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Encyclopedia > Lord George Bentinck

Lord William George Frederick Cavendish-Bentinck (27 February 180221 September 1848), better known as simply Lord George Bentinck, was an English Conservative politician and racehorse owner, best known (with Benjamin Disraeli) for his role in unseating Sir Robert Peel over the Corn Laws. February 27 is the 58th day of the year in the Gregorian Calendar. ... 1802 was a common year starting on Friday (see link for calendar). ... September 21 is the 264th day of the year (265th in leap years). ... 1848 is a leap year starting on Saturday (link will take you to calendar). ... Royal motto: Dieu et mon droit (French: God and my right) Englands location within the UK Official language English de facto Capital London de facto Largest city London Area - Total Ranked 1st UK 130,395 km² Population - Total (mid-2004) - Density Ranked 1st UK 50. ... The Conservative Party is the largest political party on the centre-right in the United Kingdom. ... A politician is an individual involved in politics. ... Horse-racing is an equestrian sporting activity which has been practiced over the centuries; the chariot races of Roman times were an early example, as was the contest of the steeds of the god Odin and the giant Hrungnir in Norse mythology. ... Benjamin Disraeli, 1st Earl of Beaconsfield (December 21, 1804 - April 24, British Conservative Prime Minister of the United Kingdom and author. ... This article needs to be cleaned up to conform to a higher standard of quality. ... The Corn Laws, in force between 1815 and 1846, were import tariffs ostensibly designed to protect British farmers and landowners, against competition from cheap foreign grain imports. ...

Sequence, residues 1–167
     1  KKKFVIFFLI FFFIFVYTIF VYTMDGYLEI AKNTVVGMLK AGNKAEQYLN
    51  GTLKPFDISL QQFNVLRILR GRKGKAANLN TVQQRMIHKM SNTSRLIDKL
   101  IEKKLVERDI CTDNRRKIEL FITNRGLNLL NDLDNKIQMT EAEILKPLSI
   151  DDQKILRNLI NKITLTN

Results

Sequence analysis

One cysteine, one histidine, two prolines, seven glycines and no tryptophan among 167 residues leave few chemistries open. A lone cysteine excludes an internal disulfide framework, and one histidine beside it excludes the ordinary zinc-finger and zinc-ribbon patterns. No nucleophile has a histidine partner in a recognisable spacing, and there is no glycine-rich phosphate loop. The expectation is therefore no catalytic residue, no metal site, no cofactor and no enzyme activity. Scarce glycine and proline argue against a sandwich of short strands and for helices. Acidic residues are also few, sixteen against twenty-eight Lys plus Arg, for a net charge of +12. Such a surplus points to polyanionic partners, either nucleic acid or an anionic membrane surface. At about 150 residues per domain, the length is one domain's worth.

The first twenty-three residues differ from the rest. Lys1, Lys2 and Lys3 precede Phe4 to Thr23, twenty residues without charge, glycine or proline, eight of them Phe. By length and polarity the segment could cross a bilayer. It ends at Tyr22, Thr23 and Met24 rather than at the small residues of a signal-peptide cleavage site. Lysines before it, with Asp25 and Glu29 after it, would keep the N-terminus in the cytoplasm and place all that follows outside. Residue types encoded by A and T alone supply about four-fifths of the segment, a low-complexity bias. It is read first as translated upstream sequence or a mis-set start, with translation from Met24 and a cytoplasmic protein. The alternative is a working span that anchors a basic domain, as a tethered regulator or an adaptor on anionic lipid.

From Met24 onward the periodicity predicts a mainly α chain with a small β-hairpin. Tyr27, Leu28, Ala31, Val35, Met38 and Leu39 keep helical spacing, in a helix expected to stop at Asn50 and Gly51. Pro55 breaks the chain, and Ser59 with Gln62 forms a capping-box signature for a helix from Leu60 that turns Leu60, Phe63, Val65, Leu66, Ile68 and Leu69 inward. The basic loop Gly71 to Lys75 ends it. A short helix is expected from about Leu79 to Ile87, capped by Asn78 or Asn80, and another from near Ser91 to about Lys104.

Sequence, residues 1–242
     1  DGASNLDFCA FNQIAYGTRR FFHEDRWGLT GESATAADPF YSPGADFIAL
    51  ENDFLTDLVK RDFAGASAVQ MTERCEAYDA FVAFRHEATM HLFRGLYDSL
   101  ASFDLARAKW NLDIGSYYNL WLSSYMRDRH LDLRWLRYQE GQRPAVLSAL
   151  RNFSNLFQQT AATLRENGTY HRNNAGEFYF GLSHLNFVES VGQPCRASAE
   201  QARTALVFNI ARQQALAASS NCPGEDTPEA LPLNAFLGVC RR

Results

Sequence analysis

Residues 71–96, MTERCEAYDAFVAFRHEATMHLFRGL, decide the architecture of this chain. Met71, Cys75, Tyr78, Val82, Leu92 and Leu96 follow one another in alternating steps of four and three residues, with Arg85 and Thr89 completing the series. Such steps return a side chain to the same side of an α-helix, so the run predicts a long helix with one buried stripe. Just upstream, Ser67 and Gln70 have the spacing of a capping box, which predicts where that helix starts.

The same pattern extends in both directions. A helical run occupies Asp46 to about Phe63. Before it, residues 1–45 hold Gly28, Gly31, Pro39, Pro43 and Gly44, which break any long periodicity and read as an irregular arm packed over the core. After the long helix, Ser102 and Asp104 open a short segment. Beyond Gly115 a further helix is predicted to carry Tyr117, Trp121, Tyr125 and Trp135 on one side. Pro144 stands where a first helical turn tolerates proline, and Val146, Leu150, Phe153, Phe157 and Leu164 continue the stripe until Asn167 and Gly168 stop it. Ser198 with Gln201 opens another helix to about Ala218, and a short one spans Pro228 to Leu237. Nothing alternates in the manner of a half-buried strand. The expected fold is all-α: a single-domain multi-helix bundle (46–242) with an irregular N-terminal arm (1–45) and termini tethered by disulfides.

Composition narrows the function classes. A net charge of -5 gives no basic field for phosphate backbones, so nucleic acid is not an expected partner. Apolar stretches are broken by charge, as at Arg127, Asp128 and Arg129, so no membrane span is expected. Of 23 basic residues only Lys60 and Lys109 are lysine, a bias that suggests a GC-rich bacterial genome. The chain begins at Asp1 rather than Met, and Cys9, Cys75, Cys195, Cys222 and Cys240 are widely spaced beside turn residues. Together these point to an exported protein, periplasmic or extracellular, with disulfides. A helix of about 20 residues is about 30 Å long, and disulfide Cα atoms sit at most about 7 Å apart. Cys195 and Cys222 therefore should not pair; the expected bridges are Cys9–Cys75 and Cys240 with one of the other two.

Bentinck was a younger son of the fourth duke of Portland, and elected a MP for King's Lynn in 1828, which constituency he represented until his death. Although initially a follower of George Canning, Bentinck supported the Whigs over the question of parliamentary reform. However, in 1834 he broke with the Whigs and, like Lord Stanley and Sir James Graham, among others, joined the new Conservative Party which formed under the leadership of Peel. William Henry Cavendish Cavendish-Scott-Bentinck, 4th Duke of Portland (6 June 1768–27 March 1854). ... A Member of Parliament, or MP, is a representative elected by the voters of an electoral district to a parliament; in the Westminster system, specifically to the lower house. ... Map sources for Kings Lynn at grid reference TF6120 Kings Lynn is a town in Norfolk, England (population 34,564) on the River Great Ouse. ... 1828 was a leap year starting on Tuesday (see link for calendar). ... The Right Honourable George Canning (11 April 1770-8 August 1827) was a British politician who served as Foreign Secretary and, briefly, Prime Minister. ... This article is about the British Whig party. ... The British Reform Act of 1832 (2 & 3 Will. ... 1834 was a common year starting on Wednesday (see link for calendar). ... Arms of Edward Smith-Stanley The Right Honourable Edward George Geoffrey Smith-Stanley, 14th Earl of Derby, KG, PC (March 29, 1799 - October 23, 1869) was a British statesman, three times Prime Minister of the United Kingdom and is to date the longest serving leader of the Conservative Party. ... Sir James Robert George Graham, 2nd Baronet (1 June 1792 - 25 October 1861) was a British statesman. ...